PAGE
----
Conclusions and Recommendations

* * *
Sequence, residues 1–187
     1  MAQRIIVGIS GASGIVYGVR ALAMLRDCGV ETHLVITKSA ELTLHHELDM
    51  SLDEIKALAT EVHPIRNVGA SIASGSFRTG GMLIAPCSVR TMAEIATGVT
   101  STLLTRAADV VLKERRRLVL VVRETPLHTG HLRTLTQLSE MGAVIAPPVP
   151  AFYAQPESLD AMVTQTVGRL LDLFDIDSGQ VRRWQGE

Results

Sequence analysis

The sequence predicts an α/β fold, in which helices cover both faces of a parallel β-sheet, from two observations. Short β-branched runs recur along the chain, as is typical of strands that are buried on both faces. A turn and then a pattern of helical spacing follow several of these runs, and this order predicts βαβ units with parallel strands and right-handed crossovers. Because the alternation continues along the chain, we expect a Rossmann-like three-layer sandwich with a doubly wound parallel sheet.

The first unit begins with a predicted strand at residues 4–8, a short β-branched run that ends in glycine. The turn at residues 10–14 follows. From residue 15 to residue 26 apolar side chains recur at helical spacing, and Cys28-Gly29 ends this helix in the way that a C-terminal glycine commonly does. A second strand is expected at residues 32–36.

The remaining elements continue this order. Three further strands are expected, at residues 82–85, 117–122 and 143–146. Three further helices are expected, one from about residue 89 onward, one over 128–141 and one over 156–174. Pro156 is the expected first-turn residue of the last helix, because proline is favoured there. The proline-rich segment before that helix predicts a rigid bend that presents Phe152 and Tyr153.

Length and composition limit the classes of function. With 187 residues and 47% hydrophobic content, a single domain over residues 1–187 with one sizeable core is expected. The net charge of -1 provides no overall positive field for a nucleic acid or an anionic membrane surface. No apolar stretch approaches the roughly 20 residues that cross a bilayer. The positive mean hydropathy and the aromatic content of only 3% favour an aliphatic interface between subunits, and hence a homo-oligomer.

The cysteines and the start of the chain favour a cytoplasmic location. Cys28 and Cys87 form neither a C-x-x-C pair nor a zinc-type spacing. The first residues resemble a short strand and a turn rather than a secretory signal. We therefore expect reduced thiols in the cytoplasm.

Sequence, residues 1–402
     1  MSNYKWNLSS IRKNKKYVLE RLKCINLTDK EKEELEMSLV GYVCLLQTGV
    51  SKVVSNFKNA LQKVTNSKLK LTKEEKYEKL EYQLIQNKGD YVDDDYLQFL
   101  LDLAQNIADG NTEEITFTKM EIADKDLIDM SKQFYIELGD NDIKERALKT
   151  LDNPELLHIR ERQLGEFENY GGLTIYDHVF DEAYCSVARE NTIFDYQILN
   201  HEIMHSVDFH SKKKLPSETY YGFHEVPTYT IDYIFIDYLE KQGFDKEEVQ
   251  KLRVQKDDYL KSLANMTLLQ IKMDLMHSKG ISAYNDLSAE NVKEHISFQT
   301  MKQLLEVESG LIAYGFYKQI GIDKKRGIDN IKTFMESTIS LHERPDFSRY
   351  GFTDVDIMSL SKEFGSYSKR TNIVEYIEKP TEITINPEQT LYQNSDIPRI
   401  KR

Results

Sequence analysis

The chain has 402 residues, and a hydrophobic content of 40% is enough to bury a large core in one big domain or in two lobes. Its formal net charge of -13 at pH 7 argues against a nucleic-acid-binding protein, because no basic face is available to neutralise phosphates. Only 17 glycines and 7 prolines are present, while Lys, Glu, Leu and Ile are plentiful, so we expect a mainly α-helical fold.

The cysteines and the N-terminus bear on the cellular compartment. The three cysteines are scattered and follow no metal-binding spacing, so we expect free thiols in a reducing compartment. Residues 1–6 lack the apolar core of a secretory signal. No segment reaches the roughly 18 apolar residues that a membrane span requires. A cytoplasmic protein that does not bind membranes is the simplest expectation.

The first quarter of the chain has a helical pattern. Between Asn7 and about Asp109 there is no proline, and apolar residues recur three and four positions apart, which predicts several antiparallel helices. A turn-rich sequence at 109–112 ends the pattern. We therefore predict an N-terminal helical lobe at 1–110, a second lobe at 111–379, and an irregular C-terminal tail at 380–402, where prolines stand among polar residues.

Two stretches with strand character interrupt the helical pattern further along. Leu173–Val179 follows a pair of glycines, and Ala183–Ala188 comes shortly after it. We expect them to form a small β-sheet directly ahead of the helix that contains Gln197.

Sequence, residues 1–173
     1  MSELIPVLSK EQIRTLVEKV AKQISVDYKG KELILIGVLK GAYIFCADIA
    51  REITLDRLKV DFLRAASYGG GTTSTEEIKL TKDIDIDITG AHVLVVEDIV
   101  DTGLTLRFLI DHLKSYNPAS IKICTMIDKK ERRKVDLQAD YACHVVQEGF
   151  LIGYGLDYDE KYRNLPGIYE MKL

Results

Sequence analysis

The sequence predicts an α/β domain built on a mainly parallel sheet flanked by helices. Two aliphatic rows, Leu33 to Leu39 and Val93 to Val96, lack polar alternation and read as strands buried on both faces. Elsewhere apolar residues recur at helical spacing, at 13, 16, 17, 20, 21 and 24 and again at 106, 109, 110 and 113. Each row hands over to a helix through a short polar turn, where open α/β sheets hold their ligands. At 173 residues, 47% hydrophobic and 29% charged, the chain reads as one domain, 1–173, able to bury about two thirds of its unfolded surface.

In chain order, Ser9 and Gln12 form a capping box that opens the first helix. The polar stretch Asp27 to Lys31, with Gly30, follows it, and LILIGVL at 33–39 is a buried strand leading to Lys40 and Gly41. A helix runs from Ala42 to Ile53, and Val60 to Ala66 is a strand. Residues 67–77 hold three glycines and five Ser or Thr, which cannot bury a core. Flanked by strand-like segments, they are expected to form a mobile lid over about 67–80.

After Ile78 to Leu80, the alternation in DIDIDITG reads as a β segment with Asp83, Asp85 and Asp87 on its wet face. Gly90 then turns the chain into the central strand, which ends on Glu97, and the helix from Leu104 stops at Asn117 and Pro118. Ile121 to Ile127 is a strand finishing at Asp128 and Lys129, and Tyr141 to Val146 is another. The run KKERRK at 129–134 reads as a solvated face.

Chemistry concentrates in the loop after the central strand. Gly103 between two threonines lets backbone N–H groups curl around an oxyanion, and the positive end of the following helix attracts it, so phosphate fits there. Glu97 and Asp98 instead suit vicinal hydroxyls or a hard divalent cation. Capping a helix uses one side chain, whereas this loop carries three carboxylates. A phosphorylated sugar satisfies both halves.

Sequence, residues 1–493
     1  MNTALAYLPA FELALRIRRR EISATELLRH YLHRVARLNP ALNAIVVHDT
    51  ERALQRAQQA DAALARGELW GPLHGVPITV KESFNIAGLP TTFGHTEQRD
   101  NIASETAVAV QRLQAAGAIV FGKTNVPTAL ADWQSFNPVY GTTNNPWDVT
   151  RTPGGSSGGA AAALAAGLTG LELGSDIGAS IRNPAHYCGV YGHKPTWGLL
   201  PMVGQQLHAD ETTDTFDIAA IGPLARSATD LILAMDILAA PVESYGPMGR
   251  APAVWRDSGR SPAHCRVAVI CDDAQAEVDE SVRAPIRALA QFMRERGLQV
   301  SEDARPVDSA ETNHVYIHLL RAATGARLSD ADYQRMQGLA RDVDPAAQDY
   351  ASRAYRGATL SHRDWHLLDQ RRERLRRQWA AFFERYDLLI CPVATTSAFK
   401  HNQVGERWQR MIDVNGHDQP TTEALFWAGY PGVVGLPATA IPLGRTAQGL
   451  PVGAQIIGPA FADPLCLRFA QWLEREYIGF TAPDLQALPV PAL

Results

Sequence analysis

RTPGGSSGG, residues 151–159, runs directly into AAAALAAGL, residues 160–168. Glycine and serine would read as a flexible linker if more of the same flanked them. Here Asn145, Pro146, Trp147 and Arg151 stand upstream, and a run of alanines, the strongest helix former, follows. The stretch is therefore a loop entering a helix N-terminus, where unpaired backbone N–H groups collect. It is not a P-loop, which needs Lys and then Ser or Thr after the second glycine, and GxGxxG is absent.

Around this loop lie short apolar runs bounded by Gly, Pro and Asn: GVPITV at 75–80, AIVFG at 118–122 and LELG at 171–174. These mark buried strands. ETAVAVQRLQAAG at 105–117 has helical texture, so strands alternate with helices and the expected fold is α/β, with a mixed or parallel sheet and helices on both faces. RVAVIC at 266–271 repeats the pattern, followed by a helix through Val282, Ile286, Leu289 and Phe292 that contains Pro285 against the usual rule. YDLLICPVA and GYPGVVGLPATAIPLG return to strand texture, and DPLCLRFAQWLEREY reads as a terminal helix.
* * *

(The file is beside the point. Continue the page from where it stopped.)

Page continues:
In addition to the media campaign, the work with schoolchildren, educators, parents and state officials was crucial to the success of these efforts. The ads introduced inclusive education and presented it in a positive light, but all the stakeholders needed opportunities to discuss questions and concerns. The provision of step-by-step blueprints for including children with disabilities into mainstream schools, training of teachers and school administrators, and continuous support (e.g. literature, trainings, public awareness activities, collaboration with schools), was a key factor in the overall success of the campaign. Finally, the campaign was led by disability organizations and organizations of parents of disabled children in each of the participating regions, and many of the events were organized jointly with their allies — new inclusive schools. Their role as spokespeople for inclusive education gave the campaign legitimacy and was a major contribution to the campaign’s effectiveness.